The CMP Service Rifle competition is one of the most famous high-power rifle competitions. These types of competition value marksmanship, patience, and steady hands. Having a good rifle is, of course, a necessity if you want to win — but you also need a proper scope.
In this article I am going to be reviewing some of the best scopes for the CMP Service Rifle competition. These scopes are great at close and medium distances and will help you excel in any marksmanship tournament.
Remember that the Service Rifle competition requires shooting from 200/300 to 600 yards — you will need a scope that covers thar entire range, while also allowing you to acquire your targets quickly and accurately. Luckily, all of these scopes do the trick.
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Best Scope for CMP Service Rifle Product Review
This is scope excels in close to medium range. While you can still use it for longer distances, its magnification really lends itself to use in CMP programs and make it one of the best scopes for CMP service rifles.
What exactly does the Gen II improve over the Gen I, you ask? Well, the most significant improvement are the turrets. The Viper PST Gen II has crisper, better turrets, with true zero stop functionality. The glass is also improved — while the Gen I glass lacked clarity and was generally unimpressive, the glass on the Gen II is much clearer and easier to see through.
This new, reformulated glass is “low-dispersion glass”, which increases color fidelity over regular glass and has an increased resolution. The protective coating on the lens protects it from scratches and dirt and makes the glass very durable.
The improved turrets are similar to the ones on the original Razor. The Viper PST Gen II’s turrets have true zero stop and the dials are etched with fiber optic, so you never lose track of your settings. The turrets allow you to account for elevation, windage, parallax and the reticle illumination.
But those aren’t the only available settings in the Viper PST Gen II — as you would expect there is also a reticle focus ring near the eyepiece and a magnification adjustment ring.
Although it is also available in a FFP version, this Viper PST Gen II model is SFP. The reticle is easy to see and offers detailed hold points while still remaining uncluttered. You can change between 10 different intensity levels and turn on the illumination too, so you can customize your shooting experience.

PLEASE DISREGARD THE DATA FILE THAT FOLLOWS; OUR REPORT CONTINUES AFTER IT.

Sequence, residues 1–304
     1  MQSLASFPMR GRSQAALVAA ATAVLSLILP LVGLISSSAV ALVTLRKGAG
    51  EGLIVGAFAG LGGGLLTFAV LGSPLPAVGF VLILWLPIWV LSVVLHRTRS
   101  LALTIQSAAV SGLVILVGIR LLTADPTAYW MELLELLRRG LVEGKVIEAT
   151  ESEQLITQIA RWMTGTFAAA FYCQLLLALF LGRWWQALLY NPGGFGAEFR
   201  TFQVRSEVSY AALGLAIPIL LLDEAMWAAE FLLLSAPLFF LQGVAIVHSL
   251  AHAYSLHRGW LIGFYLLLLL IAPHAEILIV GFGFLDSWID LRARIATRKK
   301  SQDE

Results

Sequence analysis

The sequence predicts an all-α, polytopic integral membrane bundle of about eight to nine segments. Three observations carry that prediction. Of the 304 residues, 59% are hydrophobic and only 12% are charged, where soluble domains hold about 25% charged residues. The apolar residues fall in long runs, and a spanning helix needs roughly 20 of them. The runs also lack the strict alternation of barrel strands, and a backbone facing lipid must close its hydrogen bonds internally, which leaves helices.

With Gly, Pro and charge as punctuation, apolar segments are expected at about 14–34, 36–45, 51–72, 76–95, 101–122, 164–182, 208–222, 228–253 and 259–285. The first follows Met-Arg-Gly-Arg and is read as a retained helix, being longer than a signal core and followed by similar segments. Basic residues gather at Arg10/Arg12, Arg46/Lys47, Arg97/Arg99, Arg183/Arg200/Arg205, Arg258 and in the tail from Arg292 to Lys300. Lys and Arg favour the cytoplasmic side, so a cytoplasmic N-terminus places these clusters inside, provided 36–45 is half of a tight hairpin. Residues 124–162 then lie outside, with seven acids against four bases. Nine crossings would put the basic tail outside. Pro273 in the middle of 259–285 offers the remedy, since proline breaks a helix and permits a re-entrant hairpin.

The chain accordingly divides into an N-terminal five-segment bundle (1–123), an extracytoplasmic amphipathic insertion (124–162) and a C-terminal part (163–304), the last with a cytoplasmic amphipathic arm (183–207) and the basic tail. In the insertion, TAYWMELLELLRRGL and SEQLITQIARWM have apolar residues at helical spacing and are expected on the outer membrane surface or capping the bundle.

This is a very durable scope — it is made of aircraft-grade aluminum —, but the extra durability comes with the price of added weight. If you are looking for a light and easy to carry scope, then the Viper PST Gen II might not be what you are looking for. This scope weighs 26 ounces.
Does the Viper PST Gen II have illuminated radicals?
Yes. Radicals have red illumination and are very easy to see.
How hard is the reticle to see?
The Viper PST Gen II’s reticle is not hard to see at all. This is a SFP scope and the reticle stays the same size throughout the entire magnification range — it is visible at both ends of the magnification levelhttps://www.nano.gov/nanotech-101/what/seeing-nano.
If you prefer a reticle with variable size, there are also FFP models of the Viper PST Gen II.
Is there a sunshade included in the package?
Yes. The Viper PST Gen II comes with a sunshade. Also included in the packaging is a set of optical end caps.
What are the differences between the Viper PST Gen I and the Gen II?
The second generation of the Viper PST is a considerable improvement over the first iteration of the scope. The Gen II has true zero stop and crisper turrets, which are both significant improvements.
The glass on the Gen II is also better than on the Gen I — it is clearer and has overall less parallax than the previous iteration.
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This 1×4 scope has a great SFP reticle which you will be able to see, no matter the time of day. Besides having a constant size throughout the entire magnification range, the reticle on the Trijicon AccuPoint is illuminated both by a tritium lamp and fiber optics.
The fiber optics guarantee that the reticle can be easily seen during the day, capturing the daylight, and amplifying it. At night, when fiber optics proves to be nearly useless, the tritium lamp kicks in, allowing you to see your reticle in absolute darkness. The best part is that both of these types of illumination don’t need any batteries to work.
And despite the fact that this scope has both types of illumination, there is zero forward emission. Or, in other words, despite the illumination level of the reticle, the scope doesn’t project any light.
This high-visibility reticle combined with the clear glass of the Trijicon TR24 makes this relatively unexpensive scope able to compete with much higher priced optics when it comes to visibility.
There is a special coating on the glass that increases light transmission and eliminates distortion. The glass itself lets in a large amount of light and the image is always clear.
The scope itself is rugged and seems to be pretty durable. It has waterproof capabilities up to 10 feet and the aircraft-grade aluminum housing guarantees it can take a beating before becoming useless.